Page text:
"As a leading cause of disease-related disability among women and men, depression puts a tremendous emotional and financial burden on people, their families and our health-care system," says Dr. Arlene Bierman, a doctor at St. Michael's Hospital and principal investigator of the study Project for an Ontario Women's Health Evidence-Based Report (POWER). "A number of Ontarians with depression are not treated for their condition and those who are often receive less than desired care. While there is a lot that is known about how to improve depression, we need to apply this to our work with patients if we want to improve the diagnosis and management of depression. "This involves better co-ordination among primary care and mental health-care professionals in both community and hospital settings," added Dr. Bierman, a researcher at ICES.........

Posted by: JoAnn      Read more         Source


September 29, 2009, 10:45 PM CT

Young Adults May Outgrow Bipolar Disorder

Young Adults May Outgrow Bipolar Disorder
David Cicero is a graduate student, who led a paper on treatment of bipolar disorder.
Bipolar disorder, or manic-depression, causes severe and unusual shifts in mood and energy, affecting a person's ability to perform everyday tasks. With symptoms often starting in early adulthood, bipolar disorder has been thought of traditionally as a lifelong disorder. Now, University of Missouri scientists have found evidence that nearly half of those diagnosed between the ages of 18 and 25 may outgrow the disorder by the time they reach 30.

"Using two large nationally representative studies, we observed that there was a strikingly high peak prevalence of bipolar disorders in emerging adulthood," said David Cicero, doctoral student in the Department of Psychological Sciences in the College of Arts and Science.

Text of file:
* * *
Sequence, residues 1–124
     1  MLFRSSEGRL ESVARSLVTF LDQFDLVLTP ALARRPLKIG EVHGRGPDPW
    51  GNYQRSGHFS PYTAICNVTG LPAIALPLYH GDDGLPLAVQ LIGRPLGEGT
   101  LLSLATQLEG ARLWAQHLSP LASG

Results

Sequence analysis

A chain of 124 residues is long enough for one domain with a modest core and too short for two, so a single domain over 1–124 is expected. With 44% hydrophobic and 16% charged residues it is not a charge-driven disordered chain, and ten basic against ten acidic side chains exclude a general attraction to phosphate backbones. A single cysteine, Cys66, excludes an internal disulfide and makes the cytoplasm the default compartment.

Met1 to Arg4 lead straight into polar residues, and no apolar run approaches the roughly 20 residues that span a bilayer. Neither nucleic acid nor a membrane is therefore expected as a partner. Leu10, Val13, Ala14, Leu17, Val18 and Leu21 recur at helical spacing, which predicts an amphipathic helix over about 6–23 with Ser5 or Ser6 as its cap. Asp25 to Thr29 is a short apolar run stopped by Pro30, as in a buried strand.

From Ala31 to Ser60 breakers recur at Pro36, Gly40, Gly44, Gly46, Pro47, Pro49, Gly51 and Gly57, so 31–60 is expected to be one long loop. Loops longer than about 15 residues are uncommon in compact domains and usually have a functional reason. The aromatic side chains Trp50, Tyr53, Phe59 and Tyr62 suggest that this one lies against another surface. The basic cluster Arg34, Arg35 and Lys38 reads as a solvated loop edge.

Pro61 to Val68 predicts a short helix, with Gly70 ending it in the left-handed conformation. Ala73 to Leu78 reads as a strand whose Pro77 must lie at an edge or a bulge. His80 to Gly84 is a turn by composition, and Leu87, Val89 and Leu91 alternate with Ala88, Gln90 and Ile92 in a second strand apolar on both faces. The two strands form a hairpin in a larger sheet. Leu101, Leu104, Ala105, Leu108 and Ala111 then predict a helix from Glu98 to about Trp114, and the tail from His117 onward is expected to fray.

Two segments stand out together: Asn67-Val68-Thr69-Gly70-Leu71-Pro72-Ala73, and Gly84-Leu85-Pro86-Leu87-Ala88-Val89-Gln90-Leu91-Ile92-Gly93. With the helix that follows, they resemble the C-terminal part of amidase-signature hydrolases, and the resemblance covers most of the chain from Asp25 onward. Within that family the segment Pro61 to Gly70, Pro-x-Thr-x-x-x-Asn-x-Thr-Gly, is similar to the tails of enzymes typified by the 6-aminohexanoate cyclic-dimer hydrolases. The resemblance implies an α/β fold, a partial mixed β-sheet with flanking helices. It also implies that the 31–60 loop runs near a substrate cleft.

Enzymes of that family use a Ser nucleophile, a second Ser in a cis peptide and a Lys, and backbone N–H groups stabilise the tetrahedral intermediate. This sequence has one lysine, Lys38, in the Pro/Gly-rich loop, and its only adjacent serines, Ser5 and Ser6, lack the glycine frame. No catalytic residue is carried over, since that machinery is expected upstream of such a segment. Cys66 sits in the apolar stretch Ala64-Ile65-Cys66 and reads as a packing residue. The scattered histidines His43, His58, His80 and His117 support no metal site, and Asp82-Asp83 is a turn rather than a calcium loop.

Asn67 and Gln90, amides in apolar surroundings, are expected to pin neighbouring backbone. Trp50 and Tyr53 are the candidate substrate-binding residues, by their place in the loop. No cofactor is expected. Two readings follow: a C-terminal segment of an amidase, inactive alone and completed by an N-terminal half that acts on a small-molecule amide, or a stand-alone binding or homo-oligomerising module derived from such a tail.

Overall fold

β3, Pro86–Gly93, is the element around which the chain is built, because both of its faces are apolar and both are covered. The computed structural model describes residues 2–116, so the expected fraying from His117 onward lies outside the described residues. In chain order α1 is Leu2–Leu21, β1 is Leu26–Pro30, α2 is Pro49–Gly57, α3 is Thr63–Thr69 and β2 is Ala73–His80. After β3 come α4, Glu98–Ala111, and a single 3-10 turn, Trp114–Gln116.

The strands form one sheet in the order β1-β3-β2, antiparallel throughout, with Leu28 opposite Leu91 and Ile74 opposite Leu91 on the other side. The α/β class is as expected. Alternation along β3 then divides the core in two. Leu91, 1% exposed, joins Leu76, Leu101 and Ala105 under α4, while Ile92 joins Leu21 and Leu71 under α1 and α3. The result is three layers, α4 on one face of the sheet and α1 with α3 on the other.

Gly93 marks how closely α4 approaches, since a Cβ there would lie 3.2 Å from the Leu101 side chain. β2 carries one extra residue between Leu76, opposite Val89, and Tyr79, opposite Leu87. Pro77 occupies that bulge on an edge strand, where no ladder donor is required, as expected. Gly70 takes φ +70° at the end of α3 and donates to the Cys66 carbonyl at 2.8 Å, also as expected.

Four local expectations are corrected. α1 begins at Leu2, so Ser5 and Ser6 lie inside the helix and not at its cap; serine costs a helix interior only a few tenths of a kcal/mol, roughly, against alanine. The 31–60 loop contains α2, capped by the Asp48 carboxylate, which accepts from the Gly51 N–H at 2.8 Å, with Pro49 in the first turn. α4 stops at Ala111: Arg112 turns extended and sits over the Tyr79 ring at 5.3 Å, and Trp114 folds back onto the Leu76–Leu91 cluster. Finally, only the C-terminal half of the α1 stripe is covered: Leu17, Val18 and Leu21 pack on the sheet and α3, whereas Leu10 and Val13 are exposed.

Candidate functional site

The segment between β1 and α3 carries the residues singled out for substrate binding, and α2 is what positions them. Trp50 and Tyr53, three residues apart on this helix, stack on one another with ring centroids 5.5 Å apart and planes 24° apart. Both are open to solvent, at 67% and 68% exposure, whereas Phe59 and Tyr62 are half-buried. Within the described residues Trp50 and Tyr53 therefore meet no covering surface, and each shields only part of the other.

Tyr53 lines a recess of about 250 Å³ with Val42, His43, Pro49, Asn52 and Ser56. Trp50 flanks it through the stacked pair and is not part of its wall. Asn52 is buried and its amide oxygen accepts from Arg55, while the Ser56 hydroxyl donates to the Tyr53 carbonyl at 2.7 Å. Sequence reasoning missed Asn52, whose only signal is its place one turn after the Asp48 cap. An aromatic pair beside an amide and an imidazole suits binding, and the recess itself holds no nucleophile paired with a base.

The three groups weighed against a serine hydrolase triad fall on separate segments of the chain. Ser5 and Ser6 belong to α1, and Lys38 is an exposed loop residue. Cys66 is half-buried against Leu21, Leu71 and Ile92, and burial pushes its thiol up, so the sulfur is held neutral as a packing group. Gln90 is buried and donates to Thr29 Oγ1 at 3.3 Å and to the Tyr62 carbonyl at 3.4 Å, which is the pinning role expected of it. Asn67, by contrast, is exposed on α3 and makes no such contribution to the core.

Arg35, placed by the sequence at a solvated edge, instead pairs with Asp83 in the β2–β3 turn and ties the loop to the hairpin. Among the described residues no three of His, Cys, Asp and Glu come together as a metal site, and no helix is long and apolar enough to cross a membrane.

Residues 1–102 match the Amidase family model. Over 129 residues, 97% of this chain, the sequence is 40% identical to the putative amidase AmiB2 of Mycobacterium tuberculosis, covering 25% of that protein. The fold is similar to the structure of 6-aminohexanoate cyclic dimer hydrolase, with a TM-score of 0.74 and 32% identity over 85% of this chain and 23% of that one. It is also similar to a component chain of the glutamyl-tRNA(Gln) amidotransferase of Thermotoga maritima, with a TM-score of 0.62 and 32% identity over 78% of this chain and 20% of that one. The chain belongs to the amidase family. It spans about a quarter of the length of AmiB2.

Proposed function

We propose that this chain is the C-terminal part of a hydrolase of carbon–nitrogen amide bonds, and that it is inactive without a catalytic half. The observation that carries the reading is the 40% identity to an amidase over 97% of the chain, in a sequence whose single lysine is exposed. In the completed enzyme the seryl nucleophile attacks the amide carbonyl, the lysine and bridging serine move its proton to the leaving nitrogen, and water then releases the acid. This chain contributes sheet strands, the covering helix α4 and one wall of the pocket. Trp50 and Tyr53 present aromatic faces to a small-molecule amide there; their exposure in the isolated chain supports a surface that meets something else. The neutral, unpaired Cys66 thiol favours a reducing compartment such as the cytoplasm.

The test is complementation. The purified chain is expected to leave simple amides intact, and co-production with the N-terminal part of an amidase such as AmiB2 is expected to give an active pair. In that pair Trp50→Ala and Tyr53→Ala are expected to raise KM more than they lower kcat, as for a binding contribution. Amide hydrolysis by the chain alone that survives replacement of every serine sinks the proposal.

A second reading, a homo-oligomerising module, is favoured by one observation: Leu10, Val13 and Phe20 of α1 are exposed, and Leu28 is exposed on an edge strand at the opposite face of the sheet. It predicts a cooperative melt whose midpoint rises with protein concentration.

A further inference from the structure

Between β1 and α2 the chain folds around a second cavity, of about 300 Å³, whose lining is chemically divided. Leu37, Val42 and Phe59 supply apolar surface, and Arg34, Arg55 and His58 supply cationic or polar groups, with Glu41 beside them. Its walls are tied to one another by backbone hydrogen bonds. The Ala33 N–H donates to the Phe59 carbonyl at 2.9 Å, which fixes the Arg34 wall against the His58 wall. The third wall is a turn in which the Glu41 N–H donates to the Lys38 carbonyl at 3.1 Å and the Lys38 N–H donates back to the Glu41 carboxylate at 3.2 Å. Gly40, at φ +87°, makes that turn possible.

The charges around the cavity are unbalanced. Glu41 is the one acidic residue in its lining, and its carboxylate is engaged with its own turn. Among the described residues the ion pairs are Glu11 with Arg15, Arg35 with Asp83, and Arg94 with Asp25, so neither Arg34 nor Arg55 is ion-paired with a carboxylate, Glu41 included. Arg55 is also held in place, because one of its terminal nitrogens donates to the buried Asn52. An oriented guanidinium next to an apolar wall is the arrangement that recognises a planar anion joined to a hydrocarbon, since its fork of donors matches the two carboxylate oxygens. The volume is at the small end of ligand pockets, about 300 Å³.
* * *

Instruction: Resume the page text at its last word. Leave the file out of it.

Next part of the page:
and main author of the paper. "During the third decade of life, the prevalence of the disorder appears to resolve substantially, suggesting patients become less symptomatic and may have a greater chance of recovery".

By examining the results of two large national surveys, MU scientists found an "age gradient" in the prevalence of bipolar disorder, with part of the population appearing to outgrow the disorder. In the survey results, 5.5 to 6.2 percent of people between the ages of 18 and 24 suffer from bipolar disorder, but only about 3 percent of people older than 29 suffer from bipolar disorder.........

Posted by: JoAnn      Read more         Source


September 28, 2009, 6:50 AM CT

How to deliver the bad news?

How to deliver the bad news?
New prenatal tests for Down syndrome are soon to be offered to all pregnant women across the United States, yet telling an expectant couple that their child will be born with Down syndrome is a task very few physicians are trained for, claims research reported in the American Journal of Medical Genetics The study, which evaluated decades of surveys and interviews, offers several recommendations for how physicians can best deliver the news.